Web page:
it all seemed to go too quickly. I wanted to see them take more
time to savor each touch, to see them be more introspective for
a moment. But their dramatic reading was refreshing, bringing out
a passion and dynamism in the choreography that I had missed on
other viewings. Buson is a masterful dancer with a very clean style,
a woman who is clearly still absorbing new knowledge about her art
despite having had a long and illustrious career. Rumor has it that
she will retire soon; Tulsa Ballet will miss her hunger for beauty
-- and her beauty itself.
-- in choosing and rehearsing his dancers, and in his programming
choices ("In the Night" is only the second Robbins ballet the company
has performed, the first being "Fancy Free") -- extends to his encouragement
of new choreography from within the ranks. Principal dancer Ma Cong
put together a little number for a spoof "Nutcracker" the company
did a few years ago. Angelini thought it very promising, and offered
Cong the chance to undertake something bigger. The result is "Folia,"
a ballet in seven movements to Spanish music from the 16th and 17th
centuries performed (on tape, alas) by Jordi Savall. "Folia" is
the Portuguese word for "madness," and in interviews before the
performance Cong emphasized that it was a playful madness he was
going for, a spirit of fun and folly, the little bit of wildness
that lives in every art.
His ballet is charming.
The first thing that wins your eye is the costumes, designed by
Jo Wimer. The men wear shorts with tops reminiscent of tunics; the
women, in soft ballet shoes, wear calf-length dresses with double-layered
skirts and long sleeves that are open at the top along the length
of the arm, a striking effect that's both medieval and modern. The
colors are intense but muted reds and blues and purples. Two heavy
red curtains, one upstage left and one downstage right, rise and
fall throughout the ballet.
The movement is quirky:
flowing spins and runs punctuated by a shaggy shrug of the shoulders,
hands flexed and pointed, arms folded tightly around the head. The
use of the upper body is fantastic, full of influences from medieval
dance, puppetry and court jesters, modern Tharpian movement, and
even the Chinese folk dance that was Cong's specialty before he
began to study ballet. The piece begins with a solo by Cong himself,
his long legs stretched out straight while his arms twist around
each other. Four men duck and leap in a witty dance that follows
a flippy, swirly duet by two women. In a pas de deux, Buson and
Martin meet and retreat, collapsing like dolls, elbows up to form
a loose "M" that is one of the ballet's motifs. A fabulous spinning
lift has Martin supporting Buson by her lower back while she lays
horizontal, face up, her legs gently bent at the knees; Martin whirls
her around like a Ginsu knife. Cecile Tuzii has a slow solo on a
deeply shadowed stage, hips and shoulders bent at all sorts of odd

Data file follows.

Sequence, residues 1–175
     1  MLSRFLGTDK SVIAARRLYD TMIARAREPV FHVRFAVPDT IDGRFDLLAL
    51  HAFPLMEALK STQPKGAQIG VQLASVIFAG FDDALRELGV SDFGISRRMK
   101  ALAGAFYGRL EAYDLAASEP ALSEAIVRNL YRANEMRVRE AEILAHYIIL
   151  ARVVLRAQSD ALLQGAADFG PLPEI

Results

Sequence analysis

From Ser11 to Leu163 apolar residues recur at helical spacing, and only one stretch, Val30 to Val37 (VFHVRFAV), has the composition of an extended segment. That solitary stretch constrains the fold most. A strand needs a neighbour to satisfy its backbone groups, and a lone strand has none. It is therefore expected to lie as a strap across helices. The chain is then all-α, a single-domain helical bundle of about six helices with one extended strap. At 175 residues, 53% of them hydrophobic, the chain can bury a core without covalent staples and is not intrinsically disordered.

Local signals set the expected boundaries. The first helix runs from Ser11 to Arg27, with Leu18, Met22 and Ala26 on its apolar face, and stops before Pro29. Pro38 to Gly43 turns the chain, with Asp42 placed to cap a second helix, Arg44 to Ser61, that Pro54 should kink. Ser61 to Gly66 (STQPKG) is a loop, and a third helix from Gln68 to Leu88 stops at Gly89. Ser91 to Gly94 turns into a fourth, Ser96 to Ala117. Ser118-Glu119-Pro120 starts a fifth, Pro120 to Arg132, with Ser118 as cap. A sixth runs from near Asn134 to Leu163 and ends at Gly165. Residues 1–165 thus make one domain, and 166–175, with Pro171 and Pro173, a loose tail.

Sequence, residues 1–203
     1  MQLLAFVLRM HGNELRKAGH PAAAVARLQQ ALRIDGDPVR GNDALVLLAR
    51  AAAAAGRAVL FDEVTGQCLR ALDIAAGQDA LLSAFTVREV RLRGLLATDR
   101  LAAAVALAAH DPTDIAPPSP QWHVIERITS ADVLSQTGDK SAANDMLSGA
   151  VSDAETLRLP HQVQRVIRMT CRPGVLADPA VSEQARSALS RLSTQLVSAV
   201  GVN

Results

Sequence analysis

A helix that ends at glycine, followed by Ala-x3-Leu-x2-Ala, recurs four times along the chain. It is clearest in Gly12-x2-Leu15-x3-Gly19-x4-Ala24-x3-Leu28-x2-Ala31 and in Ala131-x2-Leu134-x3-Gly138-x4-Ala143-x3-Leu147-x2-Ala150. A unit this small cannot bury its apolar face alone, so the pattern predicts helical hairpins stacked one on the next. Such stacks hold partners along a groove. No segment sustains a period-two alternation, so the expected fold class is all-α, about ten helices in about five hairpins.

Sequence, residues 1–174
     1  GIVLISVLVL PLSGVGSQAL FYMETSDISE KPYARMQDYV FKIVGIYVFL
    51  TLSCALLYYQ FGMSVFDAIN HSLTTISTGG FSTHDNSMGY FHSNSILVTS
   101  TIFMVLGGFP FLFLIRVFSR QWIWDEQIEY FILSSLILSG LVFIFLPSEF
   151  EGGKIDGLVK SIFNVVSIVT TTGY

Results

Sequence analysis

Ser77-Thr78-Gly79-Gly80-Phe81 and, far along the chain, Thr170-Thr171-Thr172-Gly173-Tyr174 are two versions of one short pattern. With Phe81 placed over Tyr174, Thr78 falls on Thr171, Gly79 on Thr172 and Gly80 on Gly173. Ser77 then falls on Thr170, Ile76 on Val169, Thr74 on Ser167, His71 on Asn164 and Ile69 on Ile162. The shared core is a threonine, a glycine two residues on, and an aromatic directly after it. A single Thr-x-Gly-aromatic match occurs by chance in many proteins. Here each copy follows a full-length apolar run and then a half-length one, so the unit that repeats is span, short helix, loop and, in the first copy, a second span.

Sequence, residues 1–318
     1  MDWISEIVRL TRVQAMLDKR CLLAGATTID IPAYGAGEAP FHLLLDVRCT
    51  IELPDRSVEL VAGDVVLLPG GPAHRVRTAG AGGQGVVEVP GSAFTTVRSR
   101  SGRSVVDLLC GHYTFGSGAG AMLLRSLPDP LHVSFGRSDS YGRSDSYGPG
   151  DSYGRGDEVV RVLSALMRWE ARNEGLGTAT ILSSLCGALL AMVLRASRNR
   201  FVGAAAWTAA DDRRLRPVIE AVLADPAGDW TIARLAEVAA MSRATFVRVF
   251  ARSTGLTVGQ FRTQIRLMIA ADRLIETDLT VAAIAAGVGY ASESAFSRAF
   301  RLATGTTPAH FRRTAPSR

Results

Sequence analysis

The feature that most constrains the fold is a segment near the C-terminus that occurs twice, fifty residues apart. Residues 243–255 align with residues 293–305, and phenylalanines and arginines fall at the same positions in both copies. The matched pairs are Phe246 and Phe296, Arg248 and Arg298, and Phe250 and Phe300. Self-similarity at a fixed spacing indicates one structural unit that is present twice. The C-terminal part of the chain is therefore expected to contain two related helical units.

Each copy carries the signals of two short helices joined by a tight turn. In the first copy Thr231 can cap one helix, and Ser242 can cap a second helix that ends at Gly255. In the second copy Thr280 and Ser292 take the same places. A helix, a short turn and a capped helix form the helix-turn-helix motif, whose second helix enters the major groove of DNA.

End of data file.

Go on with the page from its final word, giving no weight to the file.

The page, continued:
angles. In a pas de trois near the ballet's end, Megan Keough, Shunsuke
Amma, and Michael Eaton pluck the air with their arms, mirroring
the plucked strings of a lute in the music. A reprise of Cong's
solo concludes the piece, sending this band of Bruegelian dancer/fools
off into the night.
Savall's music is thumpy
and plucky -- a drum and a horn and a lute going at it in the 6/8-time
syncopation that characterizes much music from this period -- and
full of a sweet sadness even in its joy. At times Cong's ballet
succumbs to what might be called the "Riverdance Effect," wherein
there is great excitement generated in the audience simply by all
the dancers facing front and doing the same series of steps over
and over as the music builds to a climax. It's a little too easy;
what stays with you is not the choreography but the feeling of thundering
momentum. "Folia" delights the eye with its small but startling
contortions and its influences from many dance traditions. At the
same time, there might be just too much of everything. It washes
over you in a whoosh of movement and color and sound, leaving you
not with intensified vision but with a feeling of vague pleasure
and a sense that you can't quite recollect what just happened. Perhaps
that sense is a proper effect of "madness"; my hunch is that the
ballet simply needs one more edit. Still, Cong is, I believe, a
real choreographic talent whom Angelini is quite right to encourage.
You never know where such gifts will turn up, and it's a tribute
to Angelini's leadership that he has found one within his own company.
I mentioned that the
music for "Folia" was on tape. The same was true, unfortunately,
of "Bruiser," which would have been even more thrilling with the
momentum live music provides. It is shocking that Tulsa, which has
always been a city devoted to the arts, is still without a regular
orchestra. One hopes that with talent like this emerging in Tulsa
Ballet -- not to mention the ongoing, much-discussed desire of Tulsa's
citizens for a return of its beloved Philharmonic -- some kind benefactors
will step up and give that new talent the accompaniment it deserves.